Not to mention that plenty of other evidence in the record before the Supreme Court not only contradicted the idea that D&X was safer, but actually indicated the opposite. From Justice Thomas’s dissent:

In fact, there was evidence before the Nebraska Legislature that partial birth abortion increases health risks relative to other procedures. During floor debates, a proponent of the Nebraska legislation read from and cited several articles by physicians concluding that partial birth abortion procedures are risky. App. in Nos. 98—3245, 98—3300 (CA8), p. 812. One doctor testifying before a committee of the Nebraska Legislature stated that partial birth abortion involves three “very risky procedures”: dilation of the cervix, using instruments blindly, and conversion of the fetus. App. 721 (quoting testimony of Paul Hays, M. D.).22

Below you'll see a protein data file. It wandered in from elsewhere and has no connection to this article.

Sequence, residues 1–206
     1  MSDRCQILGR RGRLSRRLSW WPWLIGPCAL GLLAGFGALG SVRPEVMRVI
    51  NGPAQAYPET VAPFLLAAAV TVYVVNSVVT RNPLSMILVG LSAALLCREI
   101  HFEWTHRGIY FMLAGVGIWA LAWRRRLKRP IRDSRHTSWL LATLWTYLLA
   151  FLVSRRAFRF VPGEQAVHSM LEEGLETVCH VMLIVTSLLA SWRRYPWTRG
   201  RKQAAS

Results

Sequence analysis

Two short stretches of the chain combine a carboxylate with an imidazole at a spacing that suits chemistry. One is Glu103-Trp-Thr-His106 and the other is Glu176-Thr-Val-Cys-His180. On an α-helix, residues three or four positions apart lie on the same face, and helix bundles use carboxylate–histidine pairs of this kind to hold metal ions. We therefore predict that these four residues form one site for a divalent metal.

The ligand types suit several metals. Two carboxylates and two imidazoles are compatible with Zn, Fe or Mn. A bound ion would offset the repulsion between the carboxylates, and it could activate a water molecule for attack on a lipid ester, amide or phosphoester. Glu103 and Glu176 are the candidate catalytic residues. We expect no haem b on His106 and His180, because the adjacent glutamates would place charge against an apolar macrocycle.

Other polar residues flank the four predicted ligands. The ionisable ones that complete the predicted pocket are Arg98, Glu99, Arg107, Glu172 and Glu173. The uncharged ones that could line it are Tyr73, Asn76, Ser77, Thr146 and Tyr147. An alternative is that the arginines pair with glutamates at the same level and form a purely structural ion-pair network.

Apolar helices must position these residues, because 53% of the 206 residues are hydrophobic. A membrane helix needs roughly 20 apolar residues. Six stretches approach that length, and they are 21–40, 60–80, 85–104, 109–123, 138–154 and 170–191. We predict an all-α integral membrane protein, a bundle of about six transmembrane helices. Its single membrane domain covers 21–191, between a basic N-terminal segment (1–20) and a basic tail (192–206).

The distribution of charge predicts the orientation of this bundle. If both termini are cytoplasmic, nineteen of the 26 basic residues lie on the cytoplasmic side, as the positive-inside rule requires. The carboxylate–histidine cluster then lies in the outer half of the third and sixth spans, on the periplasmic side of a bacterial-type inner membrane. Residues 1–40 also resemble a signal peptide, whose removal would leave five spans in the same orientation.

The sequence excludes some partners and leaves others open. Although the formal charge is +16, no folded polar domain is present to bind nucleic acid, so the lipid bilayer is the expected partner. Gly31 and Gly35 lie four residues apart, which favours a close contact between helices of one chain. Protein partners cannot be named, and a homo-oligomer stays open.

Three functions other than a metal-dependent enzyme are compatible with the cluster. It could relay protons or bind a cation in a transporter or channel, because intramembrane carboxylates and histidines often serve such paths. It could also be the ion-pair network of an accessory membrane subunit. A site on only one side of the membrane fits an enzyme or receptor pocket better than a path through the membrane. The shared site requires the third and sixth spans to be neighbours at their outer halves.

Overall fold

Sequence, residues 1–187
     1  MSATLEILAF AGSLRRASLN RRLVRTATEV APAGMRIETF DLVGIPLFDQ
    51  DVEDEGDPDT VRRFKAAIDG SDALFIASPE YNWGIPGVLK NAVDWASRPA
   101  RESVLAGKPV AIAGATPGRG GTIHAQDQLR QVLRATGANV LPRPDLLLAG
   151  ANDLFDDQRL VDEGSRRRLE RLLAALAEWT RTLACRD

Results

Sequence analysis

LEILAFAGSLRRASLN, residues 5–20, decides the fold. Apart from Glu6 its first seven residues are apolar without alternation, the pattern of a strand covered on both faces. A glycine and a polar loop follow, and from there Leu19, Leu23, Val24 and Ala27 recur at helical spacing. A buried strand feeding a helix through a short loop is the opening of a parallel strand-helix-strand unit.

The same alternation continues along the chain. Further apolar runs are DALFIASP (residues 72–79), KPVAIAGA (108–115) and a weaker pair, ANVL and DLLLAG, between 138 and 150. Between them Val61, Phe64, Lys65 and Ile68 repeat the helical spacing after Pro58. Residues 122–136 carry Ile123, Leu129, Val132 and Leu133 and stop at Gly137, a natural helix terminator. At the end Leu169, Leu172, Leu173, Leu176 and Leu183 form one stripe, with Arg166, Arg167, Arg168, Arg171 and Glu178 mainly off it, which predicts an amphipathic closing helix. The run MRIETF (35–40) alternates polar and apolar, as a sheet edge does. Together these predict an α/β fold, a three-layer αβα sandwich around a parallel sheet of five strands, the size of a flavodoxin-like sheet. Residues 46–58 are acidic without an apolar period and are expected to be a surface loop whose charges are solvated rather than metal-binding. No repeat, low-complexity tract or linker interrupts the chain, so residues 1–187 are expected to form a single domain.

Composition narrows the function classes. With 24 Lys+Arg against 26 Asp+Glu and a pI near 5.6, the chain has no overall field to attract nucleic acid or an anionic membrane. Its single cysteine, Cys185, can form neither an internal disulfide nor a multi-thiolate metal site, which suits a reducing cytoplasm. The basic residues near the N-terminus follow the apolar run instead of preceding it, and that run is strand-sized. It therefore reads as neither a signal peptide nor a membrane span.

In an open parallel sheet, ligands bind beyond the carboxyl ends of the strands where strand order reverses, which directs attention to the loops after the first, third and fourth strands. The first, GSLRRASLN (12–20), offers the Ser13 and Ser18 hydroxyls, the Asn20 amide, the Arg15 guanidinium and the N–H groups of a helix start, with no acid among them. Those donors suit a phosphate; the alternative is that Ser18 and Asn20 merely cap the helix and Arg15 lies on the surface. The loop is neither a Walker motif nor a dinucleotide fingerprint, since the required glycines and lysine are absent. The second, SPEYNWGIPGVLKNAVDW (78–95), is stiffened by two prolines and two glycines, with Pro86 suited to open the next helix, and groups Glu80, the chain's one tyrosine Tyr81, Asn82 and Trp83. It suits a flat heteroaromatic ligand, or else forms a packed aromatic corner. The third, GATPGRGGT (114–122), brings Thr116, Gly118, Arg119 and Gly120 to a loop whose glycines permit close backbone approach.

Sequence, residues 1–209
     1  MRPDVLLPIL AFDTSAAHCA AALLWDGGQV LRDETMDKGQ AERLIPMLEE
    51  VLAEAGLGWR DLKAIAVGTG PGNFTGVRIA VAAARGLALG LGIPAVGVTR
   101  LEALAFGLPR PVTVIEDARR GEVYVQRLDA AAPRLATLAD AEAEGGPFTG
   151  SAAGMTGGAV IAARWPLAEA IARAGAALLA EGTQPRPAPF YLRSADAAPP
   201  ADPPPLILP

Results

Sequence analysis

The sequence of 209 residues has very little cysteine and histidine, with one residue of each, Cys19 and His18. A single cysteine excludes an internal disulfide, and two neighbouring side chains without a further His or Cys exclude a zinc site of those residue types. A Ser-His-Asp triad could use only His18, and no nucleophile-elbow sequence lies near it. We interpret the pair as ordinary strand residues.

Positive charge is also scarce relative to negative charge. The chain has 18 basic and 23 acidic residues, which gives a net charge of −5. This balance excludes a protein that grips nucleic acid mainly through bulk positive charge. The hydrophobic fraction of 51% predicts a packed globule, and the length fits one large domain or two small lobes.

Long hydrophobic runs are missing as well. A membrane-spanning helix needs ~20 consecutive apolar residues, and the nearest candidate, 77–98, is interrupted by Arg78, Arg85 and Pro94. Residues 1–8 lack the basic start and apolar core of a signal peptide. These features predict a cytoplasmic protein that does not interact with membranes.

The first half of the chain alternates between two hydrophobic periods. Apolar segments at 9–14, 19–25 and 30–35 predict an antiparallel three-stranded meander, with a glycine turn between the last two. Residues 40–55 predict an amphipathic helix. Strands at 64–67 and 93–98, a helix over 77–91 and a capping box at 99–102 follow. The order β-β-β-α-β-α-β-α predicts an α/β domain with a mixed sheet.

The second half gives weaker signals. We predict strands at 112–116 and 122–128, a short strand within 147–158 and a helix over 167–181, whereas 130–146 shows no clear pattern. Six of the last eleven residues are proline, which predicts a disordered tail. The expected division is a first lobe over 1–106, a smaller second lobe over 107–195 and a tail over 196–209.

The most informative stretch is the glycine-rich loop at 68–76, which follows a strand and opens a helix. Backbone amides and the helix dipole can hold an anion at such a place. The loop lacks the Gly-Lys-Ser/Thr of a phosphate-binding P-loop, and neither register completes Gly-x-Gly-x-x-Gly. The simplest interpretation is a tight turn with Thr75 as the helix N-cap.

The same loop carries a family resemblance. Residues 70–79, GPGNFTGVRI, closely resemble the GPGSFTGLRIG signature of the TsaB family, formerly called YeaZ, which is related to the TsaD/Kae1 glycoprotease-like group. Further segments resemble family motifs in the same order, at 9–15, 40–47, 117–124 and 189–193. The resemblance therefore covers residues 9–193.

There was also evidence before Congress that partial birth abortion “does not meet medical standards set by ACOG nor has it been adequately proven to be safe nor efficacious.” H. R. 1833 Hearing 112 (statement of Nancy G. Romer, M. D.); see id., at 110—111.23 The AMA supported the congressional ban on partial birth abortion, concluding that the procedure is “not medically indicated” and “not good medicine.” See 143 Cong. Rec. S4670 (May 19, 1997) (reprinting a letter from the AMA to Sen. Santorum). And there was evidence before Congress that there is “certainly no basis upon which to state the claim that [partial birth abortion] is a safer or even a preferred procedure.” Partial Birth Abortion: The Truth, S. 6 and H. R. 929 Joint Hearing 123 (statement of Curtis Cook, M. D.). This same doctor testified that “partial-birth abortion is an unnecessary, unsteady, and potentially dangerous procedure,” and that “safe alternatives are in existence.” Id., at 122.